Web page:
In yet another decision diluting the Supreme Court's holding in Perreira v. Sessions, the Board of Immigration Appeals recently ruled that a Notice to Appear that does not include the address of the Immigration Court or where the government will file the notice does not deprive the Immigration Court of subject matter jurisdiction to hear the case. In Matter of Vargas, 27 I & N Dec. 745 (BIA 2020), the Respondent argued that the lack of information in the Notice to Appear rendered the charging document invalid, thereby defective for purposes of opening a matter before the court's jurisdiction. The Department of Homeland Security ("DHS") argued, on the other hand, that the defects were cured by a subsequent Notice of Hearing that was later sent to the parties that informed them of the time, date, and place of the hearing.
Individuals with problematic immigration cases may already be aware of the three and ten-years bars, which typically apply after a person has accrued the requisite "unlawful presence" and then departed the United States. If a person is deemed to have been unlawfully present for 180 days or more, but less than one year, and then left the country, he/she will face the three-year bar. If a person has one year or more of unlawful presence, and then departed the country, he/she will be barred for ten years. What is less known, and perhaps more insidious, is something called "the five-year bar," which can prove even more formidable than the unlawful presence bar.
On September 18, 2018, Attorney General Jeff Sessions issued Matter of S-O-G & F-D-B, 27 I & N Dec. 462 (A.G. 2018), the latest in a trifecta of cases curtailing the authority of immigration judges. Under this new ruling, judges are strictly prohibited from terminating or dismissing cases "for reasons other than those expressly set out in the relevant regulations or where DHS has failed to sustain the charges of removability." As it stands, the regulations set out only a limited number of circumstances under which the court may dismiss proceedings. On motion by DHS government counsel, a judge may dismiss proceedings where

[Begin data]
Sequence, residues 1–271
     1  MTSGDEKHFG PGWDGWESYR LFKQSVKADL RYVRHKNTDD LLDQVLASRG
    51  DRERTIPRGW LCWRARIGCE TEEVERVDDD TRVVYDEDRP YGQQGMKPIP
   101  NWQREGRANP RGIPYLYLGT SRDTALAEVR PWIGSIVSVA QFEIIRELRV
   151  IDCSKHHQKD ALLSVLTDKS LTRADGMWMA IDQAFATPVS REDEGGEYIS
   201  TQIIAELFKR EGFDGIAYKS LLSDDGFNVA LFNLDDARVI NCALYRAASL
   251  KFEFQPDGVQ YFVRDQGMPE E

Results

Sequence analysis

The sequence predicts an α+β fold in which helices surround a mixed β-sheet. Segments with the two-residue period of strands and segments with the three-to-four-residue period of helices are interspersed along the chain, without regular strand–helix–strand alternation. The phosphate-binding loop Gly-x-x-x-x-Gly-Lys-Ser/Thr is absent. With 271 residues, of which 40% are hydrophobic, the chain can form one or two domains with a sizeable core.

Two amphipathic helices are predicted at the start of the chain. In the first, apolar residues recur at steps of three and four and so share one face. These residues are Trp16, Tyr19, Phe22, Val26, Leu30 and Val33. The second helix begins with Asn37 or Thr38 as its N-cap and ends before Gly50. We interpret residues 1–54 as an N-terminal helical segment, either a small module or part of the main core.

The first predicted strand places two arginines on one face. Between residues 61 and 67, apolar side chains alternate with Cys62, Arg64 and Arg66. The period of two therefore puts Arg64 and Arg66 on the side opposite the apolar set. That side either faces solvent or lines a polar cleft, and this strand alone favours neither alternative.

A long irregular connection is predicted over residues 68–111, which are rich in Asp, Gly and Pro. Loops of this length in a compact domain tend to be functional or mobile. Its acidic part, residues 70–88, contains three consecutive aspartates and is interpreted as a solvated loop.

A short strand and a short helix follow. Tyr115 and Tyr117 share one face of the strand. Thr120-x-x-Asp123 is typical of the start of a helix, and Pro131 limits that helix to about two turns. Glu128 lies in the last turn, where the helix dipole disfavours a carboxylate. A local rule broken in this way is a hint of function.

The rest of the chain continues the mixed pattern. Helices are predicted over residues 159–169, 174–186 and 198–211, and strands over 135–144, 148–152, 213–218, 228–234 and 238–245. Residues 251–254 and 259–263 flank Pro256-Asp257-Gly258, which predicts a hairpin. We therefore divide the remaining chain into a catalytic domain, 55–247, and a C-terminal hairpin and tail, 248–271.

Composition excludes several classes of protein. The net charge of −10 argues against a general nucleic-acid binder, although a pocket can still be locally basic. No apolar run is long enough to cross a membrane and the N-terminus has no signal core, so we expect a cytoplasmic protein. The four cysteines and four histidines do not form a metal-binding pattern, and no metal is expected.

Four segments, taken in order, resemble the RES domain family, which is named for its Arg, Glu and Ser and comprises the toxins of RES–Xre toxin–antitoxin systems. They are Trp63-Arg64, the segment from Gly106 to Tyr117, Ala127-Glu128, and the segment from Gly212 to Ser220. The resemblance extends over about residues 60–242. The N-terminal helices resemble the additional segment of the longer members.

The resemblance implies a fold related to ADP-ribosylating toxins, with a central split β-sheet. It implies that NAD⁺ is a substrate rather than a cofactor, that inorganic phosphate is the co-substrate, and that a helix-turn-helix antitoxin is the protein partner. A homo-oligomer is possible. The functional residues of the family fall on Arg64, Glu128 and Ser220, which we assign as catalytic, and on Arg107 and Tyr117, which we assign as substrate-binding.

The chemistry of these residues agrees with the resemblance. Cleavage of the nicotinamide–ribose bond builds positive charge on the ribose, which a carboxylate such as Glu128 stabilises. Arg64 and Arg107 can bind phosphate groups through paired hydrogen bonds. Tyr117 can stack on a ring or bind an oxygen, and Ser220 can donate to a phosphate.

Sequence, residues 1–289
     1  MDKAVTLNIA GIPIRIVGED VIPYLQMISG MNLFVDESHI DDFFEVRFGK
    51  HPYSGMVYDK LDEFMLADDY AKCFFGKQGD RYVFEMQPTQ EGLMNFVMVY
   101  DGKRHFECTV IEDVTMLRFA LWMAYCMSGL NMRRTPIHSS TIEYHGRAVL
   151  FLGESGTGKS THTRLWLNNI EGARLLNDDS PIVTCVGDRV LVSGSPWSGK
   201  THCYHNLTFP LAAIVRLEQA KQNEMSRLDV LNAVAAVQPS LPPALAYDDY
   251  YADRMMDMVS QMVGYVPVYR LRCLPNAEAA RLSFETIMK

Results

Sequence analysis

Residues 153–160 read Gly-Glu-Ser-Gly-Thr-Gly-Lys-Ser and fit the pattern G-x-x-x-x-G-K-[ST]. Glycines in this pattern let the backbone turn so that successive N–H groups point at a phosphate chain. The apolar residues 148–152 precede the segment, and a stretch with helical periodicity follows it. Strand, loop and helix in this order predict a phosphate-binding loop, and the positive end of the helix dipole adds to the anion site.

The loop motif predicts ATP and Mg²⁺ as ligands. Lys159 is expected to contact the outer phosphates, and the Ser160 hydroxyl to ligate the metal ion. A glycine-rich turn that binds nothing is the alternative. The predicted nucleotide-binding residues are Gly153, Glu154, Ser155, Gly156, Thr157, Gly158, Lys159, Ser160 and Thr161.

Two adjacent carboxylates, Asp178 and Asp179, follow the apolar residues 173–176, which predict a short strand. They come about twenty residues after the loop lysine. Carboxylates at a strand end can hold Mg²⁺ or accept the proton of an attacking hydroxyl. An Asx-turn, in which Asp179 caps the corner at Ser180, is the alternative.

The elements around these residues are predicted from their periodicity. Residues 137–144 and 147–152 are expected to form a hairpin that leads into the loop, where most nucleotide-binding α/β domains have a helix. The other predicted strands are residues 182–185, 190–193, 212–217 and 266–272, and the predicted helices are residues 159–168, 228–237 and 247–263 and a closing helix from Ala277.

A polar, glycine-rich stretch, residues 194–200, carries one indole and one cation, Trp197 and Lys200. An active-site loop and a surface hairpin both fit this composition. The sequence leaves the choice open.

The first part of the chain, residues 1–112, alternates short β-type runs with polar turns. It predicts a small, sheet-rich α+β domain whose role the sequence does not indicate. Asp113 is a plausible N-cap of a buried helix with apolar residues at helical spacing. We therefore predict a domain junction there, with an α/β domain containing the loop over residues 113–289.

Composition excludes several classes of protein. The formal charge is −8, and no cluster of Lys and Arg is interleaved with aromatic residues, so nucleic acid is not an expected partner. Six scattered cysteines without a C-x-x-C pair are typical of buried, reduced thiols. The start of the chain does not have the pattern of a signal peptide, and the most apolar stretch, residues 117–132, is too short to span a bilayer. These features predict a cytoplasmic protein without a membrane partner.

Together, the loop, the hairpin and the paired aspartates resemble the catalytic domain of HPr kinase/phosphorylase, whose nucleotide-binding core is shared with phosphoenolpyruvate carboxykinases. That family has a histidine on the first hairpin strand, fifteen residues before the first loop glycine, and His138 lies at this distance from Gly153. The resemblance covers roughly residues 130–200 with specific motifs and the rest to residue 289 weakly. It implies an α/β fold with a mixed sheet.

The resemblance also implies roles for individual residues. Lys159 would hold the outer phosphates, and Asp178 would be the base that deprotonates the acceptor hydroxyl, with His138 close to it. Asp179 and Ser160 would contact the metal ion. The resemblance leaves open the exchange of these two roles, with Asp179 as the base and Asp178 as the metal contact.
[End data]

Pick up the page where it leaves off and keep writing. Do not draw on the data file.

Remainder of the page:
Over the Labor Day weekend, the Board of Immigration Appeals (BIA) quietly released an important decision that has a significant impact on individuals hoping to file "Pereira motions." In Matter of Bermudez-Cota, 27 I & N Dec. 441 (BIA 2018), the court held that a Notice to Appear that does not specify the time and place of a person's initial removal hearing does not divest an Immigration Judge of jurisdiction so long as a Notice of Hearing specifying this information is later sent to the individual. In the case at hand, the respondent filed a Motion to Terminate arguing that his case should be dismissed in light of the Supreme Court's decision in Pereira v. Sessions, in which the highest court in the land declared that a Notice to Appear lacking the required information (as to date, time, and place) does not stop the clock for purposes of calculating physical presence eligibility for cancellation of removal. After the decision came out, many attorneys also extrapolated from the Court's clear language that such Notices to Appear were, in effect, not only defective for cancellation of removal purposes but defective per se. This gave birth to "Pereira motions" which have seen mixed results in New Jersey, with some judges granting and others, denying.
Also known as "PD," a Prosecutorial Discretion Request may be of help to certain individuals presently in removal proceedings before an immigration judge. Contrary to popular belief, this is not technically a form or application filed with the court. Rather, it is a request to Immigration and Customs Enforcement ("ICE") for an exercise of discretion to discontinue proceedings against you in order to focus its resources on more important priorities. No one is entitled to prosecutorial discretion as a right, and unfortunately, not everyone will qualify. The decision is made based upon a number of factors, both positive and negative, in evaluating whether you are a candidate for this.